The two main neural networks that use these gates are Long Short-Term Memory (LSTM) and the Gated Recurrent Unit (GRU). Both are far more computationally intensive than simple recurrent networks, but are much more suited to our task of noise removal.
From here, there are all sorts of directions we can go. Some models are designed to perform the end-to-end task of background noise removal, but it also means that they are much more computationally intensive and larger in terms of size. These models are incredibly powerful and are often employed in speech recognition. Others adopt a more hybrid approach, using traditional subtractive noise removal to preprocess the data, and then apply a neural network to deal with any non static background noise that still exists in the sample. While both approaches are effective, their uses are dependent on a developer’s computational resources and desired accuracy.
Background noise reduction has been a primary area of interest in audio processing since the invention of the microphone. There are hundreds of traditional methods to filter audio, but many, if not all, work poorly with non-static audio and introduce distortion when the background noise blends with the primary speaker. With the rise of computing power and our ability to build deep learning models that can remember complex patterns over long periods of time, we’ve been able to train computers to become exceptional at specific tasks. By training a deep learning model with large amounts of data, computers have become exceptionally capable of removing noise in audio.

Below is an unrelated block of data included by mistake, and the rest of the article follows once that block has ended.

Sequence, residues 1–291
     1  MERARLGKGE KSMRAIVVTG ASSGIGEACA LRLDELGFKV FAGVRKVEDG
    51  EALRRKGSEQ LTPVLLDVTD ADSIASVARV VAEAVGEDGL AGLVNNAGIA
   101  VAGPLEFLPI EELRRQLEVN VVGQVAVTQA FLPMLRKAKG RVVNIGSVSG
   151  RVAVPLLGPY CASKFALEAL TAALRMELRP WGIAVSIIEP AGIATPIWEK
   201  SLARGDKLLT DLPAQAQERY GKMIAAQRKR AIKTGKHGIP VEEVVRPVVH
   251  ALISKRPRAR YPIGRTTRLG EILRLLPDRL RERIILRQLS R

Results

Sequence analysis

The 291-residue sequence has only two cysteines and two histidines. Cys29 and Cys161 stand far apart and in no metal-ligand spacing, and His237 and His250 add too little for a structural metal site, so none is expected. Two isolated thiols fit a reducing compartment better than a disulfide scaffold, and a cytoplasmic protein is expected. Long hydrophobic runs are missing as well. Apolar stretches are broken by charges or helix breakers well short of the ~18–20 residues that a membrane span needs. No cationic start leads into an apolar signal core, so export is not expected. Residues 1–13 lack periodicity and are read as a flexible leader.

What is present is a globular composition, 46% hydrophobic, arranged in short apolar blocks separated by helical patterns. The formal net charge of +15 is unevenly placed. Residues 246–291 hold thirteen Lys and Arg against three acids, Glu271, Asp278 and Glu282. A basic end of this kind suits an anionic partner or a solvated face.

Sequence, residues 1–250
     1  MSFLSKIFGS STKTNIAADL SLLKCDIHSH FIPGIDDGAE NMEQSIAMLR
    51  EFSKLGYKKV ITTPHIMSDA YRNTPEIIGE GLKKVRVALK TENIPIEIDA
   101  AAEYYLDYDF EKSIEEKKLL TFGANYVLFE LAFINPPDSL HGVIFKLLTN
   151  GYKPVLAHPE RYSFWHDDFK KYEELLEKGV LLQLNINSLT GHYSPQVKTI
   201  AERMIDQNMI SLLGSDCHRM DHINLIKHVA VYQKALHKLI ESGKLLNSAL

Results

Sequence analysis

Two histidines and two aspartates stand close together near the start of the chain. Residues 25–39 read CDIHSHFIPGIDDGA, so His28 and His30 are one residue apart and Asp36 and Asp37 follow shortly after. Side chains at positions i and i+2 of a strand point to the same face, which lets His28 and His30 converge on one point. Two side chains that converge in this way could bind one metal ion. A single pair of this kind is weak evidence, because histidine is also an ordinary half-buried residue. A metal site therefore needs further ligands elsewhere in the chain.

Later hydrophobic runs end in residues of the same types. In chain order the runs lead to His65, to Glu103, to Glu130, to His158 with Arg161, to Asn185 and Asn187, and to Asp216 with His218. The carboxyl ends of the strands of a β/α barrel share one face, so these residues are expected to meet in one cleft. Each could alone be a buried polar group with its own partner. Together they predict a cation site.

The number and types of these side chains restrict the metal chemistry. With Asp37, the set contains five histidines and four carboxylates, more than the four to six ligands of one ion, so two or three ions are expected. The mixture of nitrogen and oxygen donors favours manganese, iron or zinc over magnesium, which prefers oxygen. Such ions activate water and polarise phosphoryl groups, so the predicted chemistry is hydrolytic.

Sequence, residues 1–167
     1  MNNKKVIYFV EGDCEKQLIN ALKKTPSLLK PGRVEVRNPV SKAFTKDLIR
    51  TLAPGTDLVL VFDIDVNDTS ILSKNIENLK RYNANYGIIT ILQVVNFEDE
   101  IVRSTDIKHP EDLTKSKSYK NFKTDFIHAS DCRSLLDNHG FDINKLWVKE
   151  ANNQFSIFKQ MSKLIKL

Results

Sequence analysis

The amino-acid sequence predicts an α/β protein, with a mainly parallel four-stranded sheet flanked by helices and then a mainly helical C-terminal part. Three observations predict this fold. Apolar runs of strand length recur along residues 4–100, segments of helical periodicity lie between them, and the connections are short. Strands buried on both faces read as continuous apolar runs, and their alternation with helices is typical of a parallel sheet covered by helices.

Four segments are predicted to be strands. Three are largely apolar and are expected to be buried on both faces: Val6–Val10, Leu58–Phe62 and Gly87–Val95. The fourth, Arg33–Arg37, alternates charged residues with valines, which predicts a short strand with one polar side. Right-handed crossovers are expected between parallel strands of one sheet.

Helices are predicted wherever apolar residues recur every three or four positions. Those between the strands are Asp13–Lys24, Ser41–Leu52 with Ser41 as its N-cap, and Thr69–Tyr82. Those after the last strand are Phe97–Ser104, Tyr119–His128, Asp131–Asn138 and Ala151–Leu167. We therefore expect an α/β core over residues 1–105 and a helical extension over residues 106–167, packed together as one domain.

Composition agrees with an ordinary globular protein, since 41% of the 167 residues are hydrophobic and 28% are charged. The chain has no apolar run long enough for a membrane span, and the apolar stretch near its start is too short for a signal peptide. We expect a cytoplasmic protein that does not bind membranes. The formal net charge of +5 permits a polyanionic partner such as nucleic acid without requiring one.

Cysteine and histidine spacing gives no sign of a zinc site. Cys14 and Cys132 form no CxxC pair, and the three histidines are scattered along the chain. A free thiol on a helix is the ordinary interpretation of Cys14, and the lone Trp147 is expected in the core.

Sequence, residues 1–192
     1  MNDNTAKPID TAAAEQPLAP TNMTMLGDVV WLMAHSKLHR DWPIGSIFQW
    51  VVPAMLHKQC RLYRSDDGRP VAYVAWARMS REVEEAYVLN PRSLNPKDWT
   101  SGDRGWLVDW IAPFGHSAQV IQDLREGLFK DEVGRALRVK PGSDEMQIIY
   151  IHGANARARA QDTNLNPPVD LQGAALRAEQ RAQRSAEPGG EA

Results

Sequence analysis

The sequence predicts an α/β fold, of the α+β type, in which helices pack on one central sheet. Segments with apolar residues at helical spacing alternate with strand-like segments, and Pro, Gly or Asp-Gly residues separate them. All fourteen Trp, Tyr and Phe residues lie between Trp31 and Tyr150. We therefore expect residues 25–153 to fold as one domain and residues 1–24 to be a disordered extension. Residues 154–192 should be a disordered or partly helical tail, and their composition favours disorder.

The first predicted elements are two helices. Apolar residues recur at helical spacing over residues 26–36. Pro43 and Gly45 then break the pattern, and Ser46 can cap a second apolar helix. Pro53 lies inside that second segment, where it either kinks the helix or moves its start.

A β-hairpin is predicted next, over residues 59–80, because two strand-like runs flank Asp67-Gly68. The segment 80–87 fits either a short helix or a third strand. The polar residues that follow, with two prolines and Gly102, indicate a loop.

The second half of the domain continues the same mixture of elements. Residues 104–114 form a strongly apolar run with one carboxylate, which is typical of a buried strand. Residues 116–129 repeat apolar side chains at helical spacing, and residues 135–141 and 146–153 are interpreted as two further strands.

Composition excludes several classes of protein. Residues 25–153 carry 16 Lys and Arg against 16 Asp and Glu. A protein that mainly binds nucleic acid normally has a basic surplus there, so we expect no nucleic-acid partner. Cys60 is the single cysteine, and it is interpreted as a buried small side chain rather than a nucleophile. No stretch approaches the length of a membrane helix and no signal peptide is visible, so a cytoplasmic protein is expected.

So, which method is better? If computational resources and latency are irrelevant, the AI approach is vastly superior to traditional approaches. This is because they are generative, whereas traditional models are subtractive. AI approaches are able to generate an entirely new audio signal with the background noise removed and with minimal distortion in the clear speech.
If computational resources and latency are a concern, given present day technology, AI approaches may be impractical to implement. The processing time of the models sometimes introduces latency to the processing which can be undesired in some cases. However, this certainly won’t be a huge concern in the foreseeable future. Neural networks are getting faster, efficient, and accessible every day and eventually they will become the standard.
Author: Praneeth Guduguntla, Technical Writer @ Audo Ai.
Originally posted at Audo AI.
Thank you for taking your time to read this. As always, I appreciate any comments/feedback you may have.